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Are You Connected?

What’s your first thought when you hear that question? I’ll bet it’s one of two things:

connected to the internet, OR connected to influential people.

Noah Webster was going for the second one. He wanted people like Ben Franklin and George Washington to endorse his plan for reforming English spelling, promote it, even legislate it. By golly, he would make people appreciate his ideas. For him, it was all about connections.

AN INCONVENIENT ALPHABET, BEN FRANKLIN AND NOAH WEBSTER’S SPELLING REVOLUTION spotlights the relationship between Ben and Noah. Their connection was based on their love of language and efforts to educate the population. Working together, Noah ultimately learned that the success of their idea was not about being connected to influential people, but rather connecting to the public, his audience.

I learned a lot from both of these men as I got to know them through their books and letters, and pondering all this, I began to think about authors’ connections to the stories they tell. The inspiration for this book came from the connection between my life experience as a teacher and the Ben Franklin quote (“Those people spell best who do not know how to spell.”) that I mentioned in the interview. It’s the reason I saw “those people” as children. Someone else reading that quote with different life experiences wouldn’t be affected the same way and wouldn’t tell the same story.

Once I had connected with those words and began to dig for a story, one source led to another. I connected personally to the topic, the characters, and their involvement in education. From those connections came the theme, the energy, and, ultimately, the heart of the story. Why do we need to “interview” our characters? Why should our research go wider and deeper than our story? Why do authors need to spend time with their fictional characters in their fictional world? I think it’s about connections. The more strongly we connect to the time and place and the more we are invested in the characters, the stronger the emotional core of the story will be. As Robert Frost said, “No tears in the writer, no tears in the reader.”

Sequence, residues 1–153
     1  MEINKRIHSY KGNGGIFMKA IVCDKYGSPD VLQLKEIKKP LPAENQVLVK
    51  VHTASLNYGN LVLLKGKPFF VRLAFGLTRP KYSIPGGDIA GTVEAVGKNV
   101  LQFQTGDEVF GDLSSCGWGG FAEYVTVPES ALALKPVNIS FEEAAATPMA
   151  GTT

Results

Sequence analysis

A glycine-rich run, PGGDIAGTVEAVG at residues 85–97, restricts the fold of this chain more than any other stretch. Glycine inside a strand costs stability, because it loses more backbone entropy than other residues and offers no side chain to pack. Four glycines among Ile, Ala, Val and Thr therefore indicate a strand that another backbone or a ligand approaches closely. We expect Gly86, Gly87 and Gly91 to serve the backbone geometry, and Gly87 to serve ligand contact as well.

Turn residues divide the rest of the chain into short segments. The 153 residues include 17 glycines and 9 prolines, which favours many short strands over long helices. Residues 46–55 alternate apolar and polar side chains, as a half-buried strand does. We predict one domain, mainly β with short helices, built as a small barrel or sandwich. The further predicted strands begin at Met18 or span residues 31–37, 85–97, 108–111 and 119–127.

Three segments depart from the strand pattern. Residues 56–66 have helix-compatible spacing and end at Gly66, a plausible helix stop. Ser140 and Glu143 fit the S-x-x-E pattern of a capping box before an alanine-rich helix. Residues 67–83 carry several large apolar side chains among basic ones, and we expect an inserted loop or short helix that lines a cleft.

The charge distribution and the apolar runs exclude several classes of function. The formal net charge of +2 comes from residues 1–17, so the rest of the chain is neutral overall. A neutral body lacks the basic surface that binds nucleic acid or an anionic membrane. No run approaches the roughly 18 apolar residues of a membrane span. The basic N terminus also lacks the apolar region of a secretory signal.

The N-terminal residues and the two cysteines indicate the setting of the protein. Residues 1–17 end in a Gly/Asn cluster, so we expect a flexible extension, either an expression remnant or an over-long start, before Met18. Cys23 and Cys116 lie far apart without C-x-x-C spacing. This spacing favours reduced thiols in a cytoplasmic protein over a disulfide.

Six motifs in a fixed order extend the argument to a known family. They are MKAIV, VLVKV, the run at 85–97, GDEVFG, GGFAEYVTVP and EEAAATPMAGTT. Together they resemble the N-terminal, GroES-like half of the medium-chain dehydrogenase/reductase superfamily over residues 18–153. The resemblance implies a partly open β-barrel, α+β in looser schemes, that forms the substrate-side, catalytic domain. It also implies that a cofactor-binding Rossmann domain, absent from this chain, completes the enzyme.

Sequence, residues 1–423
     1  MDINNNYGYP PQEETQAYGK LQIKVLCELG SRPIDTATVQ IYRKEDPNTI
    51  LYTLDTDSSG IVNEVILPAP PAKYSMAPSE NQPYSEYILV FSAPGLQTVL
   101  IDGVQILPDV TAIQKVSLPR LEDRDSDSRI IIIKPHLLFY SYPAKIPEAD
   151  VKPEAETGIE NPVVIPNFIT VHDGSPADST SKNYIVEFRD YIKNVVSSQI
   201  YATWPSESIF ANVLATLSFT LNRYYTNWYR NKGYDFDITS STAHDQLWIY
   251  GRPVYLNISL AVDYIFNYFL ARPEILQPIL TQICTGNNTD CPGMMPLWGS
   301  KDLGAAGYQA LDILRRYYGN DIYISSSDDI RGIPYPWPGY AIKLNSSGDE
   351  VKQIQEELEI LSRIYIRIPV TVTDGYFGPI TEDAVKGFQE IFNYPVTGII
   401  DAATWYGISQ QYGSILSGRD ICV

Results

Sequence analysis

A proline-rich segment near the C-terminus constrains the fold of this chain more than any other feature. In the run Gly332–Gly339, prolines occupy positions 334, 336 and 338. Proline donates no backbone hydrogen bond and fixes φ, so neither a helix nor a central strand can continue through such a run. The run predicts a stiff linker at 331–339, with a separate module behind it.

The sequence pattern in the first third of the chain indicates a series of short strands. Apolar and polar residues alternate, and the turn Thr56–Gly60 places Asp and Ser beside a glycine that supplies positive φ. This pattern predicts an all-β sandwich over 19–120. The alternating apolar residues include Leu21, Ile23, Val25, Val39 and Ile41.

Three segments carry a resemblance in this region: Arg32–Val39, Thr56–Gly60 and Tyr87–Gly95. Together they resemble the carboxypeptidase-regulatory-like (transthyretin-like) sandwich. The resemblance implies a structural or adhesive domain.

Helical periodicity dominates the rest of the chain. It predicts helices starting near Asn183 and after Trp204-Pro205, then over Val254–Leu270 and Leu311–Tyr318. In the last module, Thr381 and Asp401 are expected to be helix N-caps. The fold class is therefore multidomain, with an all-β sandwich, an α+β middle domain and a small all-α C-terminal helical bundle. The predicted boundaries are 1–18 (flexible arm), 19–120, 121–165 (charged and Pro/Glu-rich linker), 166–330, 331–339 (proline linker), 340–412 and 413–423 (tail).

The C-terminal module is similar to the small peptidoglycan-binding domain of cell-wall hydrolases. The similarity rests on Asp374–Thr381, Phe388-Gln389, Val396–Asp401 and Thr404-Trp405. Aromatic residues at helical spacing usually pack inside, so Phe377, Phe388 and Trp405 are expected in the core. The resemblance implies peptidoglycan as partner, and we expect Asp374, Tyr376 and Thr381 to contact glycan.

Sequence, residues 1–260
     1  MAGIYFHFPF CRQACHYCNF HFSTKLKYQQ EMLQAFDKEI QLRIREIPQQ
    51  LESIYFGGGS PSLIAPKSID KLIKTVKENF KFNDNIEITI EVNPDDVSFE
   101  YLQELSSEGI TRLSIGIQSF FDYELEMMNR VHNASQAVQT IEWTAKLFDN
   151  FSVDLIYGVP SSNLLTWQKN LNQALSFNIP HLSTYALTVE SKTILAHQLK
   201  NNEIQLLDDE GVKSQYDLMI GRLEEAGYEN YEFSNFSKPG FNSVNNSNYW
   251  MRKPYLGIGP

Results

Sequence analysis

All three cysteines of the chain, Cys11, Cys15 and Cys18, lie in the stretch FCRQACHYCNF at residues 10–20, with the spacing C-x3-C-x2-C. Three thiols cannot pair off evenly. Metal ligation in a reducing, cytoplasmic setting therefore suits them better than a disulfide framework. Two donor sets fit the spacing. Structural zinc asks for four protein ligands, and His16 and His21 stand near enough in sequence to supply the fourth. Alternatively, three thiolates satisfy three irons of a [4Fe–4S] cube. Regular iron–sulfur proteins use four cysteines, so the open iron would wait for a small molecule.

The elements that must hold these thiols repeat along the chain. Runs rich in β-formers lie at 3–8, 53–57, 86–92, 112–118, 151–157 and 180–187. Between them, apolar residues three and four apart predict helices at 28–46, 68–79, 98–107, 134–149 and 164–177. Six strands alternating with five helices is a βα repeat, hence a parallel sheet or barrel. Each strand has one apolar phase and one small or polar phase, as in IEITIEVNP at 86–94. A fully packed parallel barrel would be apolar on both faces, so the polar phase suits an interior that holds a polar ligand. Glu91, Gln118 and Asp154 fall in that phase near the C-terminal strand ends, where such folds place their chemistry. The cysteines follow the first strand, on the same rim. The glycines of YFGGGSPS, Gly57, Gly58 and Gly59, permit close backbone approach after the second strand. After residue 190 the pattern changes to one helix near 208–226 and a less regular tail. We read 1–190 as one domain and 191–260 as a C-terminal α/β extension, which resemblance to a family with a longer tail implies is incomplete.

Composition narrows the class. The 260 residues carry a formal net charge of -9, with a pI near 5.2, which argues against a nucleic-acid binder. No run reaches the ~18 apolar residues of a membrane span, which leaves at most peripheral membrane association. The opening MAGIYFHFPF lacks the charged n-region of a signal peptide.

Even if readers have a very different experience than the action and conflict on the surface, the human connection at the gut/heart level tapping into curiosity/fascination/humor/etc makes them keep turning the pages. That emotional core becomes the bridge for readers. Universals go deep and connect us all.

In the midst of these story connections, there are many more. With critique partners who comfort, encourage, and push us to do better. With the community of kid lit writers and illustrators who share advice, opportunities, and friendship. And of course, the connections we cultivate with agents and editors who turn a manuscript into a book. In spite of the image of writers working alone, “No author is an island.”

We spend a lot of time on the crucial “kid hook” and how kids will connect to our story. (After all, just because I connected with a story doesn’t mean a child will.) Educators stress the importance of the ability to connect, and language arts curriculum asks students to connect text to self, the world, and other texts. But the connections that go in the other direction, between concept and author, are just as essential. Why do I want to write this story? Why do I have to write this story? That special personal emotional connection, that unique telling that comes from investing one’s heart is what makes me as a reader think, question, laugh, or cry. If the author hasn’t put it in, how can a reader get it out?

We hold in our hands the amazing power of books to connect a child to another time and place, to people throughout the world, and to each other. What a privilege!

Beth Anderson, a former English as a Second Language teacher, has always marveled at the power of books. With linguistics and reading degrees, her fascination with language, and a penchant for untold tales, she strives for accidental learning in the midst of a great story. Beth is drawn to stories that open minds, touch hearts, and inspire questions. Born and raised in Illinois, she now lives in Loveland, Colorado.

Also, for a study guide for Beth's new book: An Inconvenient Alphabbet, click here.

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